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The BBC's Barbara Plett
"Oil revenue is the real issue for Iraq"
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Saturday, 2 December, 2000, 18:55 GMT
Iraq greets European flight
The European delegation arrives in Iraq from Paris
The European delegation arrives from Paris
By Barbara Plett in Baghdad

Iraq has welcomed another international flight into the country, in a further challenge to United Nations sanctions.

This time, the arrivals were 115 European politicians, clergymen and representatives of aid organisations.

Iraqi woman
The sanctions have hit ordinary Iraqis hard
They touched down at Baghdad airport on board a French airliner, which had flown from Paris.

Among the passengers was the former French foreign minister, Claude Cheysson.


Encouraged by a series of such flights over the past couple of months, Baghdad is increasing efforts to loosen the UN's grip on its oil income.

Western diplomats and experts say Iraq's gains so far are symbolic and will not affect core sanctions.

The sight of planes touching down at Saddam International Airport has encouraged many Iraqis grasping at any sign that their decade of misery may be ending.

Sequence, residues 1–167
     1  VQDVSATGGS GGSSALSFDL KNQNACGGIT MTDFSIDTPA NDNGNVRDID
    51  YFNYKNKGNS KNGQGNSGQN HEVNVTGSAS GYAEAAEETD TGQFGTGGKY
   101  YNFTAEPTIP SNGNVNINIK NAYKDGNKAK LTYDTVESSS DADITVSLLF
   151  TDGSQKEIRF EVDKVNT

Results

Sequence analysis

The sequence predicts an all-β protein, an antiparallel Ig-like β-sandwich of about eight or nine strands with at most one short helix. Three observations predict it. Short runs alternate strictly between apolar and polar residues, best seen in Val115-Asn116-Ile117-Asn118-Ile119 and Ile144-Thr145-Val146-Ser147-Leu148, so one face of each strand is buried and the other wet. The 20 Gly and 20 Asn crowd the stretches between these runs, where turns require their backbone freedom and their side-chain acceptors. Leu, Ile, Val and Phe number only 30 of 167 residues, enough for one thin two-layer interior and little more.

UAE delegation at the Baghdad International Trade Fair
The UAE sent a delegation to the Baghdad International Trade Fair
One Iraqi student said the show of support from French, Russian and Arab flights has made him optimistic.

More and more companies appear to think the same thing.

The turnout at the Baghdad International Trade Fair last month was unprecedented under the embargo.

Weapons inspections

Many Iraqis say there must be a reason why all this is happening now.

Surely change is around the corner: that is certainly the line they are getting from the government.

Officials in Baghdad are convinced they have shaken off a decade of international isolation and are now determined to go for the core of the sanctions - regaining control of Iraq's oil wells.

Baghdad's suspension of oil exports over a pricing dispute with the UN is its biggest challenge to the embargo in the past couple of years.

Observers warned, though, that Iraq might be over-confident.

The sanctions can only be lifted by a UN Security Council decision.

But even Baghdad's friends on the Council say it should allow the weapons inspections it is trying to avoid to resume.

Some ordinary Iraqis also say the sudden interest in their country is more about show than substance.

"What good have these flights done me?" said one. "Nothing will improve unless we can spend our own money again."

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See also:

02 Dec 00 | Middle East
US counters Iraq oil move
01 Dec 00 | Middle East
Eyewitness: Bitter legacy of sanctions
04 Nov 00 | Middle East
Brisk business at Iraq trade fair
26 Sep 00 | Country profiles
Country profile: Iraq
01 Nov 00 | Middle East
Jordan gives Iraq diplomatic boost
30 Nov 00 | Middle East
Iraq rejects new arms inspectors
18 Aug 00 | Middle East
UN panel: 'Iraq sanctions must go'
01 Dec 00 | Business
Oil: The Iraq factor
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